Throughout history, the weaponization of new technologies has disrupted the security architectures of empires and nations. For instance, the making of the atomic bomb brought unprecedented (even existential) risks to the threat matrix of many nations. While the bomb may be an extreme example, many security experts warn that some emerging technologies could do the same in this century. Consequently, the national security implications of many next-generation technologies are being discussed ad nauseam and are areas of growing strategic focus for governments across the world.
Quantum computing is a textbook example of such a technology. Both the United States and China see quantum information science as a critical technology for their national security, and strategic competition is now a de-facto framework used to analyze many developments in the area. This is hardly surprising, given the potential of quantum technologies (QT). Although at a nascent stage of development, quantum computers offer a dramatic increase in computing power compared to classical computers today. This is because instead of bits (that can hold values of 0 or 1), quantum computers use qubits that can hold a 0, a 1, or any proportion of 0 and 1 in a superposition of both states, counterintuitive as it may sound. As of 2019, this is no longer just a theoretical possibility: Google unveiled a Quantum Computer (with just 54 qubits), which was able to carry out an experimental calculation in 200 seconds that would have taken the world’s most powerful supercomputer around 10,000 years to compute.
It is important to emphasize that the use cases of quantum computers today are very narrow and at present offer no practical advantages over classical computers. However, many experts now believe that a paradigm-shifting breakthrough is no longer a question of if, but when. Governments and tech firms have already invested billions of dollars in quantum tech, and they argue that it offers broad and significant gains across sectors of the global economy. A recent report by McKinsey estimates that QT will have a global market value of a whopping $1 trillion by 2035.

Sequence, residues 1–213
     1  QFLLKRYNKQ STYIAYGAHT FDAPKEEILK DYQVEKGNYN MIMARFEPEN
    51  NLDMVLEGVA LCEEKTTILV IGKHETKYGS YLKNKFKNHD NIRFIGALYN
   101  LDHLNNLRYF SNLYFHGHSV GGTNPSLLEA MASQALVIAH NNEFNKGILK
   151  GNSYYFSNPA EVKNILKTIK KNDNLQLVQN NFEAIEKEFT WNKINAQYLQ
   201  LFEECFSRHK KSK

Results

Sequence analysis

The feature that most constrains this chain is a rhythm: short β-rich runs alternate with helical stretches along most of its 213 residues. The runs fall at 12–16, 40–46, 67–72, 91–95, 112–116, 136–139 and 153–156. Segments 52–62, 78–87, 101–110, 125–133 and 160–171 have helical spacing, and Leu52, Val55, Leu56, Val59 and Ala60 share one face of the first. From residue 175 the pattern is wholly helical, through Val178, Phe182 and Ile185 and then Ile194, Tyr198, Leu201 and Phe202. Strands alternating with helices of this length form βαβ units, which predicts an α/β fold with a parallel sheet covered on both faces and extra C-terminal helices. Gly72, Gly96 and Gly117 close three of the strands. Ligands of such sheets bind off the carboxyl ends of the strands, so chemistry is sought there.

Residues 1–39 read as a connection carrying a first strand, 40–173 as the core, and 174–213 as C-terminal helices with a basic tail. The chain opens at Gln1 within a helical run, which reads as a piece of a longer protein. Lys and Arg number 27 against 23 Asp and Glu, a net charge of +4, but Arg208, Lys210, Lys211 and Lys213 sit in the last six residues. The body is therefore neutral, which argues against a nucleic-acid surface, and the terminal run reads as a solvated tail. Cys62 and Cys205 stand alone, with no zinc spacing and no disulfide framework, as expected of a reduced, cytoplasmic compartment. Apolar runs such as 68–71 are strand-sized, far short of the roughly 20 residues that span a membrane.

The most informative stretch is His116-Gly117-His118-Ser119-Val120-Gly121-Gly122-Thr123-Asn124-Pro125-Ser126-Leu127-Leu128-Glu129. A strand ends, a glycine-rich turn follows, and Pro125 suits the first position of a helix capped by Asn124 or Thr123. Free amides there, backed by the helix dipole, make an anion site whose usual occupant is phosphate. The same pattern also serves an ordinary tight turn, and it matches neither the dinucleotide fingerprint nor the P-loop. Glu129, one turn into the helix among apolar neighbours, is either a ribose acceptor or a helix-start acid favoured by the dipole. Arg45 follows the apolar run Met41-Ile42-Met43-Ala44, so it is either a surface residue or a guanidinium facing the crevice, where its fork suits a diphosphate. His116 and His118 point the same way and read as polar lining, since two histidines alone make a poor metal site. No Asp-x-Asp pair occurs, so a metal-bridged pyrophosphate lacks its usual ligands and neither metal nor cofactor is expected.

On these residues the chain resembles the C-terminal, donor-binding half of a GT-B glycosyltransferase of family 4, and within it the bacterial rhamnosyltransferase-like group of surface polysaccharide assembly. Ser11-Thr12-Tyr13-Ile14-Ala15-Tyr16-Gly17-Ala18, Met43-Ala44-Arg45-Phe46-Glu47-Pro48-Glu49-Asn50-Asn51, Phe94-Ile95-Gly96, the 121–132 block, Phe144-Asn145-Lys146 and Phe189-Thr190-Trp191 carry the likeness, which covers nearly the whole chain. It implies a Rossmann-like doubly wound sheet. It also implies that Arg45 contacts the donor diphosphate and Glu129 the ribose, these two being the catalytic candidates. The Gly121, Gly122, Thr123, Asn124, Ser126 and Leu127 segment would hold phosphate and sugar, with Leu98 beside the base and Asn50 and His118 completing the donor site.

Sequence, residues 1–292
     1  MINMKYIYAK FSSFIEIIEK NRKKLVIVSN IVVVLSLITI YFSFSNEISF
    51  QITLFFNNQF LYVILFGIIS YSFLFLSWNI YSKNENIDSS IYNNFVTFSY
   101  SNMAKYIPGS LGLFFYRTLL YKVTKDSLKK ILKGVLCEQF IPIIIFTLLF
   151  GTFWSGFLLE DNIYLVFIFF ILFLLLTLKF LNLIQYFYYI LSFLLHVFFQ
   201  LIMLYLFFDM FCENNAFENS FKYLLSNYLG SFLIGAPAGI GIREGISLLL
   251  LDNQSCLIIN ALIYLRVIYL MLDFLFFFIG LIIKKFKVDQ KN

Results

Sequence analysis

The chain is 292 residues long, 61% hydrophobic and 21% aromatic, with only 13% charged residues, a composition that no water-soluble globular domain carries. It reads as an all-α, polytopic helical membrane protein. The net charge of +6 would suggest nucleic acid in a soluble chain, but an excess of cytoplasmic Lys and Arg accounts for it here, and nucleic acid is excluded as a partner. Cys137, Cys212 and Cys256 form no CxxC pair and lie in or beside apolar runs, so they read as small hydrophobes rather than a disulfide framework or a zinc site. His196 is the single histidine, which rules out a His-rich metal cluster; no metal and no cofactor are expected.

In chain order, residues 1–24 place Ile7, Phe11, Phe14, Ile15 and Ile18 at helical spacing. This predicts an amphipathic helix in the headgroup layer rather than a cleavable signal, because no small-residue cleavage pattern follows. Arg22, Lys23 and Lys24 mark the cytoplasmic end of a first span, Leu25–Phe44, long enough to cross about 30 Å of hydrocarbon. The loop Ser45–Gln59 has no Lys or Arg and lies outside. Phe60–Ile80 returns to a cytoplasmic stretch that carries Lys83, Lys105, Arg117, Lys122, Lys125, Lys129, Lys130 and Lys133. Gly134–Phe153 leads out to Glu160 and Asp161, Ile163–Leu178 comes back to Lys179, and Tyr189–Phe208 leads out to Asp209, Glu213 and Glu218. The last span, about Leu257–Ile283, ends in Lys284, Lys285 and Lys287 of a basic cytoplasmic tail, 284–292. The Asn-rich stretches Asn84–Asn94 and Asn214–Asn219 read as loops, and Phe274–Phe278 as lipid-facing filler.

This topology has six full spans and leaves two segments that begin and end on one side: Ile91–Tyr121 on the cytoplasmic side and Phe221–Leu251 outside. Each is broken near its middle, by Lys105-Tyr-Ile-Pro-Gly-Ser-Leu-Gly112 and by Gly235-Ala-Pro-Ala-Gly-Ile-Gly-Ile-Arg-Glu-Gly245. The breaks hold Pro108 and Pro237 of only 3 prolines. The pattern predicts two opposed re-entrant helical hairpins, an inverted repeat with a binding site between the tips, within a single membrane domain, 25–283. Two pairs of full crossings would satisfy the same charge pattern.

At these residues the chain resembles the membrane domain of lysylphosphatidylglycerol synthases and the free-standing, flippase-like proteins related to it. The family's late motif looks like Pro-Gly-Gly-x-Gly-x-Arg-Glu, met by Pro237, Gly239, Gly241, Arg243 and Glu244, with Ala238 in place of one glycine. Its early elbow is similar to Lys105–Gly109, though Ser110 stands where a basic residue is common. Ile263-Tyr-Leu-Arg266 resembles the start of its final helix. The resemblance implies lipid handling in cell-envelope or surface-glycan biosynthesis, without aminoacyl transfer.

Unfortunately, the catch is breathtaking.
Quantum computers are posed to break many of the encryptions (like RSA-2048) we use today to protect bank records, passwords, intelligence classified by the governments, military communication networks, and so on. This is because, unlike classical computers, quantum computers can use tools like Shor’s algorithm — taking advantage of quantum mechanical phenomena, such as superposition, entanglement, and uncertainty — to try out different factorial combinations of encryption keys on an unprecedented scale. It requires little imagination to foresee the scale of security disruptions such an advancement could cause.
The United States and China are trying to gain or maintain a lead over each other in quantum tech and scrambling to bolster their cyberinfrastructures to mitigate risks in efforts that resemble an arms race. For instance, on December 21, 2021, U.S. President Joe Biden signed into law the Quantum Security Preparedness Act, pushing federal agencies to “migrate systems to post-quantum cryptography, which is resilient against attacks from quantum computers and standard computers.” The U.S. currently enjoys a lead in quantum computing and can boast of hosting the most powerful quantum computer in the world (IBM’s Osprey with 433 qubits), but China is uncomfortably close behind, if not pulling ahead.
In quantum communications, China is leading and has built the longest Quantum Key Distribution (a communication method that is unhackable, even by quantum computers) network in the world, spanning thousands of kilometers between Shanghai and Beijing. China also launched a second quantum communication satellite into orbit last year, seven years after it made history by launching Micius, a first-of-its-kind quantum satellite. Micius established an unhackable link between two ground stations separated by more than 1,000 kilometers in 2020, bringing China one step closer to a fully operational quantum satellite network, which will create completely impenetrable channels of communication for Beijing. Further, Chinese scientists have made at least two even more worrisome claims: In 2021, a research team at Tsinghua University claimed to have engineered a quantum-based radar that could soon detect stealth aircraft, which have been the backbone of U.S. air superiority for decades. And then, early this year Chinese researchers published a paper claiming to have developed an algorithm that could potentially break the RSA-2048 encryption, using just 372 qubits.